When provided with a dream job opportunity in another city or state, there are often several factors to consider. For divorced parents, issues related to child custody often serve to further complicate things. As with most things related to divorce and child custody, careful and deliberate planning is often necessary.
The majority of divorced parents have some sort of legal child custody agreement. This agreement binds both parents to agreed upon terms and can be grounds for legal action should either parent attempt to deviate from it. How do the terms of a child custody agreement apply when a parent plans to make a move to another city or state?
Much depends on whether or not a move will disrupt the agreed upon custody arrangement. Will the move prohibit the non-custodial parent from seeing the child on court approved days? If so, the parent who will be adversely impacted by the move may choose to file for primary custody of the child. If a judge opts to switch primary custody, this move effectively prevents the child from moving.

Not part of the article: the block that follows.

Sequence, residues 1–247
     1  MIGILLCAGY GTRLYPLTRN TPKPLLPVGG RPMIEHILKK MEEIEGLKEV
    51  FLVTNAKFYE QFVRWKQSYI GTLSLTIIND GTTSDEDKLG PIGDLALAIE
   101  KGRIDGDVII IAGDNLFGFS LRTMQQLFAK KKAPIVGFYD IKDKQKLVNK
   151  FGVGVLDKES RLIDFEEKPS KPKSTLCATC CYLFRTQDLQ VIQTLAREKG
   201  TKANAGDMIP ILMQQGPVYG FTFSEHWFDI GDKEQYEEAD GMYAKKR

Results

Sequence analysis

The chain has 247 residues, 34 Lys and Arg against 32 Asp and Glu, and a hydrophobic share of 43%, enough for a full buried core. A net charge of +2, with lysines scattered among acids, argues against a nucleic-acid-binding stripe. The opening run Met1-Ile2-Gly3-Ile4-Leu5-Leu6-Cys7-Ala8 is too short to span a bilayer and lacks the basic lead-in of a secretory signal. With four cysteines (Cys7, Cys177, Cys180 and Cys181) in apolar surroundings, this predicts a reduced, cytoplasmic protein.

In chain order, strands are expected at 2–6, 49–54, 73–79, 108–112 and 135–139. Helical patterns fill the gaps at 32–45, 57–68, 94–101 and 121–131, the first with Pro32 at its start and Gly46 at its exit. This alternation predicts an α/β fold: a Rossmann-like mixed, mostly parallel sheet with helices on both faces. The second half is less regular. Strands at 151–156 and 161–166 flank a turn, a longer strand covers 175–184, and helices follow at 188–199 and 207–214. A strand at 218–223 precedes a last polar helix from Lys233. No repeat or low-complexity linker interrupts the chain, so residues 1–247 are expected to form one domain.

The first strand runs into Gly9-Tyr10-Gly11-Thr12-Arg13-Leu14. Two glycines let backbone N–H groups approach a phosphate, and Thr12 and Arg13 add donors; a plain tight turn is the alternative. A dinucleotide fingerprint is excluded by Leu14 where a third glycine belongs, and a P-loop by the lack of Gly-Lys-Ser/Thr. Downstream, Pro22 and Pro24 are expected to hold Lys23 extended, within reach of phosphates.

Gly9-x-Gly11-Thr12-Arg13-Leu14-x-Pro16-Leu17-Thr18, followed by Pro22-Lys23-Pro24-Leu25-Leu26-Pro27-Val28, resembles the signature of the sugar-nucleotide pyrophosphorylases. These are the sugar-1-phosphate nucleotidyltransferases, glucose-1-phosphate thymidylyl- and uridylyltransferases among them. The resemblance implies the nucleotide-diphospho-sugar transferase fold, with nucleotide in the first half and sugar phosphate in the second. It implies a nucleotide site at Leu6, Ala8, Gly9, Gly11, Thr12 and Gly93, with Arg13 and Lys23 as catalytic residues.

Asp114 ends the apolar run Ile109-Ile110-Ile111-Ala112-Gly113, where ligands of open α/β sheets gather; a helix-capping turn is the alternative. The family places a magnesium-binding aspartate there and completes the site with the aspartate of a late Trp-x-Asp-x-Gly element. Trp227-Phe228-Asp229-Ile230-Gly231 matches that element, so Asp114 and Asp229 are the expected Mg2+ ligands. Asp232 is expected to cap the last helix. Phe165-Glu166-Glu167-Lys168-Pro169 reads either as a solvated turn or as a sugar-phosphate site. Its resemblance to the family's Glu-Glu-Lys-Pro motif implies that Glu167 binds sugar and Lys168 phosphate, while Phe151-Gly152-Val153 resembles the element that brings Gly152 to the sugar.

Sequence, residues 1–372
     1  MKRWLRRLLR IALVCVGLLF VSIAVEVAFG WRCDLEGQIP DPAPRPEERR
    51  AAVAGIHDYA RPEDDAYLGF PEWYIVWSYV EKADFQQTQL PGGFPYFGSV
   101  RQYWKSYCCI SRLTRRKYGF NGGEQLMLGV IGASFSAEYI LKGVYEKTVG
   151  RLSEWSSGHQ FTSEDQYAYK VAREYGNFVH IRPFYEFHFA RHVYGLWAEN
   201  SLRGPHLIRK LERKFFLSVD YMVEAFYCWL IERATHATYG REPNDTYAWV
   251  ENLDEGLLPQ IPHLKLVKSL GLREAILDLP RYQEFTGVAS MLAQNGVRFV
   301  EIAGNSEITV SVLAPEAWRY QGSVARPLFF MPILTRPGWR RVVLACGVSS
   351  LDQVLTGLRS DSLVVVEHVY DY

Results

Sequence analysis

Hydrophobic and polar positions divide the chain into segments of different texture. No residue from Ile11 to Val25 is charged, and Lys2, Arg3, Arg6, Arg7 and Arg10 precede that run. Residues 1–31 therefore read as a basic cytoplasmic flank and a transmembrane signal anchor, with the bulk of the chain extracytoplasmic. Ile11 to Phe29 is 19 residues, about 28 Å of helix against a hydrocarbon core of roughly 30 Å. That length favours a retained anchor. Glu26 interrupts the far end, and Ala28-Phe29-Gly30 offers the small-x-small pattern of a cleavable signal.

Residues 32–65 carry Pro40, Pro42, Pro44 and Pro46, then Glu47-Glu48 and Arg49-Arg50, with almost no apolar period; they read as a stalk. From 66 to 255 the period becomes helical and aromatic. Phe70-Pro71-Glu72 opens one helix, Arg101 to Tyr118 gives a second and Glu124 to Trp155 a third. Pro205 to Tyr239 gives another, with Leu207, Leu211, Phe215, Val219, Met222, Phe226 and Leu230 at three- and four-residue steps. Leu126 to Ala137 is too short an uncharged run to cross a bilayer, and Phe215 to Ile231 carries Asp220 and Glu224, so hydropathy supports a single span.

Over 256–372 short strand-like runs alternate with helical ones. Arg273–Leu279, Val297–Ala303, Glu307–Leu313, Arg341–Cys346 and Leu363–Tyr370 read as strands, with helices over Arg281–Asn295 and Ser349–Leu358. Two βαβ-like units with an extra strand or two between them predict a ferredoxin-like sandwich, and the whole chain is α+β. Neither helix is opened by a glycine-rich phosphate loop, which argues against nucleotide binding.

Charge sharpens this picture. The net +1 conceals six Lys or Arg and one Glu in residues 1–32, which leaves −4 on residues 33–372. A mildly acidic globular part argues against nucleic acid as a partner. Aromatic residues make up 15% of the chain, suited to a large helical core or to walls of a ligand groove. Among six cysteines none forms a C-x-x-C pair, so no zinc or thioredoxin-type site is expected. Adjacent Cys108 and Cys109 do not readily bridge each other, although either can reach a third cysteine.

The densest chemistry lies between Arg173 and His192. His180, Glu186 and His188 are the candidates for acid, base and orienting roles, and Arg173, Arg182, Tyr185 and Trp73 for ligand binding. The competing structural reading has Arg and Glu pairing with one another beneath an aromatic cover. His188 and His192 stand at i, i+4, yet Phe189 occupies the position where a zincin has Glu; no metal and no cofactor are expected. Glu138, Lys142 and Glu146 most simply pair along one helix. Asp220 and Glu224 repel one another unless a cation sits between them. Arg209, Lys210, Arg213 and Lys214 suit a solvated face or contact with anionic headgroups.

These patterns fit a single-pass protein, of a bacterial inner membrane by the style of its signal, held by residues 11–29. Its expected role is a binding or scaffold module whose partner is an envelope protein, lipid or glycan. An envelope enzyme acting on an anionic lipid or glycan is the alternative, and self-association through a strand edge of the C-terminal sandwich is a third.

In child custody matters, several factors go into a judge’s decision on whether a parent should be allowed to move with their child. A guiding factor in all decisions is whether or not such a move would be in the child’s best interest. Would the relationship with the parent who is left behind suffer as a result of the move?
The child’s age plays a major part in the equation as well. Younger children are likely not involved in school or community activities, whereas an older school-age child may feel more invested in their community. The opinion and preference of an older child may be taken into consideration by a judge when making his or her decision.
If a parent is planning to move a considerable distance from their ex-spouse, it’s wise to plan. If a parent wishes to have a child move with them, they must be prepared to prove the move would be in the child’s best interest. A legal professional who is experienced in child custody matters can provide advice and guidance and help provide for the best possible outcome.
Source: The New of Orange County, “Single parents juggle child custody with personal freedom,” Kim K. Steffan, Jan. 19, 2013